By Jaymie L. White
Special to Wreckhouse Press
WEST COAST – Author Ida Linehan Young grew up in North Harbour, St. Mary’s Bay, and has turned her love of Newfoundland’s rich history into a thriving career.
Linehan Young has a main focus on historical fiction, but she has written non-fiction novels depicting a harrowing tragedy her family endured in 1980. The author, who is published by Flanker Press, said she always used to write poems and short stories in high school, so it was a natural progression to write.
“I’ve always been inclined to write, but between 2010 and 2012, somewhere around there, my daughter said to me – about our family tragedy – she said ‘Mom, there’s five gravestones and if you died tomorrow we wouldn’t know anything about your brothers and sisters,’ and that played on my mind a little bit,” said Linehan Young. “And then I saw a Land and Sea episode where there were some people from the Burin Peninsula who were in a fire, and I thought maybe I can write a story about how our community rebounded from the fire.”
The fire happened on a night in June 1980, when her family’s home went up in flames, which resulted in the loss of five of Linehan Young’s siblings. The tragedy not only shook the foundation of her family, but left the entire community reeling.
“I started to do some research, talking to people and things like that, and nobody could talk to me, and I was like ‘Why would I be thinking about somebody else when my own community hasn’t recovered.’ So the story ended up becoming my own, and in 2014 I released the book called ‘No Turning Back: Surviving the Linehan Family Tragedy’. So that was my first book.”
Linehan Young said her work has always gone through a publisher, and her journey to writing her first book started with a friend of hers who had actually gotten published himself a few years prior for his novel about the Newfoundland Railway.
“I asked him if he had a contact and ‘what did you do?’ and the editor from Creative Publishing at the time happened to be a girl that I knew. She had gone to school in Mount Carmel, which is where I went to school. So I contacted her and asked if they’d be interested, and they were interested immediately.”
Her first novel was completed and published within a year.
“I just sat down and started and before too long I had a book. The first one was about a year,” said Linehan Young, “which is pretty good in book terms. I knew the subject matter because it was about me. I didn’t have to research anything really. Most if it was already there. I did pick up a few things from the archives because we had some trial stuff I wanted to get. So I went and got that and I got my medical records to make sure that I was correct in the things I wrote, and it just confirmed for me the things I already knew. Most of it was in my head because it was my story.”
Linehan Young said that after her first novel, she moved more into historical fiction because she really loved her grandmother’s time.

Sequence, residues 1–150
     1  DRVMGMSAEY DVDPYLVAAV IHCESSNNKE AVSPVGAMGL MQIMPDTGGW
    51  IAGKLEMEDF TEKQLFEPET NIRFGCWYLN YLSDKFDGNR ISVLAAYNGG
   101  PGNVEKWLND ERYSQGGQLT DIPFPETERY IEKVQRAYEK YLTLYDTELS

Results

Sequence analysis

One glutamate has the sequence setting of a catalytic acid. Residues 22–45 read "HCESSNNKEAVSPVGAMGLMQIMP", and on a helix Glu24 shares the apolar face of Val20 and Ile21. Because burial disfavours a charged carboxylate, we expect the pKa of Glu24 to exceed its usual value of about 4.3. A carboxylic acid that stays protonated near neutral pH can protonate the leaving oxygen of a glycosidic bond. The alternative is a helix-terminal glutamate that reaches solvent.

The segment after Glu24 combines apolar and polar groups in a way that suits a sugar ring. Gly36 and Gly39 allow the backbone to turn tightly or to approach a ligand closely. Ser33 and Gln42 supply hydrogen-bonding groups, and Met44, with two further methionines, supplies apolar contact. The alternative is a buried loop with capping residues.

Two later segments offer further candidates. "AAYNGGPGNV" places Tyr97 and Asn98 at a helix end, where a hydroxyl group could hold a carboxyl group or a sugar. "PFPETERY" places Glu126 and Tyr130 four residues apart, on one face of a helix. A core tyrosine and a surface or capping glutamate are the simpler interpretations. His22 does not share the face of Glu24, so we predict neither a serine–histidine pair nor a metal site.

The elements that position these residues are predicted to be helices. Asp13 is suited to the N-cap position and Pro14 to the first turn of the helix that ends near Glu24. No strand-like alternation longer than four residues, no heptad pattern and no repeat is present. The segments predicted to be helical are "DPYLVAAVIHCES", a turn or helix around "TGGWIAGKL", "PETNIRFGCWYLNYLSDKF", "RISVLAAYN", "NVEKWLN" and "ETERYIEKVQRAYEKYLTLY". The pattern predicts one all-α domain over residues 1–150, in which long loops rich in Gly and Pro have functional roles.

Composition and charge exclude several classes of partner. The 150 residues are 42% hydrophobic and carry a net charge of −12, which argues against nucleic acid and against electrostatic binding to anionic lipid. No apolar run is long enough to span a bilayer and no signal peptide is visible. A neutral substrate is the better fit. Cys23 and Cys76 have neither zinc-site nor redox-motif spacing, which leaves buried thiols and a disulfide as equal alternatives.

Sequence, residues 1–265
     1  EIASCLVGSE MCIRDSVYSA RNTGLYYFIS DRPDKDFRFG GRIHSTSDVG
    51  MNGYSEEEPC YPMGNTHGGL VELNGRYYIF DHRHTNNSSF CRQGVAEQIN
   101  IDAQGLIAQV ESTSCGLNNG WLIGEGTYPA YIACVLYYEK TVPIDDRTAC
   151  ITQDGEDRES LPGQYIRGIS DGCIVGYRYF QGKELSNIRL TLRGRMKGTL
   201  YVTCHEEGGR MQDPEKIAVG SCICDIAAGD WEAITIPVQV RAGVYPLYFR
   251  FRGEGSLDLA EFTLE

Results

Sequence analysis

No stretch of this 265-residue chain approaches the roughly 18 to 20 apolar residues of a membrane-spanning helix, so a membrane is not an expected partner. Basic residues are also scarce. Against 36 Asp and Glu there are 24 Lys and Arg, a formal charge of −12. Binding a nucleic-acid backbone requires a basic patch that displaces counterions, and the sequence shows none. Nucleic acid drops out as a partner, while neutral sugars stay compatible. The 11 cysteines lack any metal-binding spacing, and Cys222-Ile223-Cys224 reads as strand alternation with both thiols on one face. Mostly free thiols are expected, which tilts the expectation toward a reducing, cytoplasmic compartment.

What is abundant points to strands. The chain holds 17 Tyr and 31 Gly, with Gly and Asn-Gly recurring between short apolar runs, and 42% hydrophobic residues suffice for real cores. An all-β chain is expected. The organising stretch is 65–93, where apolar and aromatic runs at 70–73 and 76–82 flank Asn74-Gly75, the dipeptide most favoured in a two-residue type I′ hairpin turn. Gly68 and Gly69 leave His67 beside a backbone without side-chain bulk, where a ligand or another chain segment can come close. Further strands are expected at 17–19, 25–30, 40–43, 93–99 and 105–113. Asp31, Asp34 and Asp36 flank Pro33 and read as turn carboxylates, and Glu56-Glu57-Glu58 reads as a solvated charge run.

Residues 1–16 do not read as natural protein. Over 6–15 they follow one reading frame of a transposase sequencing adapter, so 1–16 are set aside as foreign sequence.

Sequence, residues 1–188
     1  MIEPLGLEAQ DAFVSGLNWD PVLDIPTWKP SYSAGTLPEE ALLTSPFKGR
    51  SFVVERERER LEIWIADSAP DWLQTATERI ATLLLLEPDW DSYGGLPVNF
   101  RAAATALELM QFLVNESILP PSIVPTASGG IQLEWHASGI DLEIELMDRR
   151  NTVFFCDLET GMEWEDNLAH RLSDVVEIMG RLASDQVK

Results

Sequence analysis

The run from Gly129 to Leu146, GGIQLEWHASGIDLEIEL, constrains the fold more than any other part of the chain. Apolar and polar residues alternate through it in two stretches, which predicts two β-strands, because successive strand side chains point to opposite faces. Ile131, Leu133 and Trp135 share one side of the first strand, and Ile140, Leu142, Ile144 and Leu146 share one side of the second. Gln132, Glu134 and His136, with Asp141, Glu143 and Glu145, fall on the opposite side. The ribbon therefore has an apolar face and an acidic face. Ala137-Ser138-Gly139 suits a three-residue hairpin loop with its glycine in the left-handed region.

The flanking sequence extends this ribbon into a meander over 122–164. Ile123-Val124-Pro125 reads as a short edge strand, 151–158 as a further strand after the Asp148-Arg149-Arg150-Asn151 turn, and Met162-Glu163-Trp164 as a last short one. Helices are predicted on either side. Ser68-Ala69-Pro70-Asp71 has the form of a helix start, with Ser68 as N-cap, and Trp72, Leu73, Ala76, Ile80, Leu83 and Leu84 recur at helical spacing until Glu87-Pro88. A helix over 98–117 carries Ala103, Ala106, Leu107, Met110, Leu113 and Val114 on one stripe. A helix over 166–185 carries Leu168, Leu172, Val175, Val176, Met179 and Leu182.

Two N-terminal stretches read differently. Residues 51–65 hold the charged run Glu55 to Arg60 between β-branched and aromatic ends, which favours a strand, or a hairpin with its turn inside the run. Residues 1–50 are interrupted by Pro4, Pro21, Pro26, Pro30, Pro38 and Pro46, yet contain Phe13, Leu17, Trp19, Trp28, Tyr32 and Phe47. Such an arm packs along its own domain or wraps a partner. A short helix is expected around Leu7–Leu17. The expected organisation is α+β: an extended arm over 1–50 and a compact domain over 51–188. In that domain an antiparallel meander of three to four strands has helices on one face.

“My father was born in 1917 and my grandmother was born at the turn of the century, and I often thought about how their lives were and how they got to our time, all the changes they would’ve seen. That era intrigued me, so I started. I put a stake in the sand and I said, ‘okay, 1900, 10 years either way of that,’ and I went backwards into the 1800’s,” said Lineham Young. “I did some research. There are things like the fire of 1892 in St. John’s. There’s a lot of things in there that I wove in that are real. One of them was the Spanish Flu, and before that it was an epidemic of diphtheria that had affected our community.”
Linehan Young said that when writing historical fiction, she tries to bring some of the little things that happened to people of that era back to life. With the release of her most recent novel, ‘If I Cry I’ll Fill the Ocean: The Catherine Linehan Story,’ the author’s book count has reached six.
The Catherine Linehan Story is her mother’s story and Linehan Young said it was a story that needed to be told.
“I wanted her story out there because, all her life, she lived with me for five years and said to me often, ‘if somebody had acknowledged that I lost five children, I wonder what way my life would’ve went,’ because at the time it was 1980, and you didn’t talk about things. You just moved on and nobody had really moved on. When my book came out in 2014 about the fire, we were a tiny bit more open about it.”
Linehan Young said it is a tribute to her mother, all her struggles, and the things she went through before, during, and after the fire.
“I would say to her ‘Mom, let me write your story,’ and she would say no, and I’d ask the following year, but last year she said all right. We sat down, had an interview, I got all the information, I kept checking with her, and I wrote it.”
Linehan Young said this book had special meaning, even though she is close to every book she writes.
“At the end of the book, everybody wrote a little story or had a little thing to say about how she (her mother) affected them. Grandchildren, children, daughter and son in laws, and so far, I am getting rave reviews. People who have read it are saying it really affected them. Mom never cried about the fire because, like she used to say, if she did, she would fill the ocean. So, somebody commented and said, ‘maybe we will all have a hand in filling it for her.’”
Currently the novel is on The Toronto Star’s bestseller list, and in the May 7 edition of the Globe and Mail it was listed as number eight on the Canadian non-fiction bestsellers list.
Linehan Young said she has a couple more book ideas still on the back burner and plans to continue writing historical fiction in the future.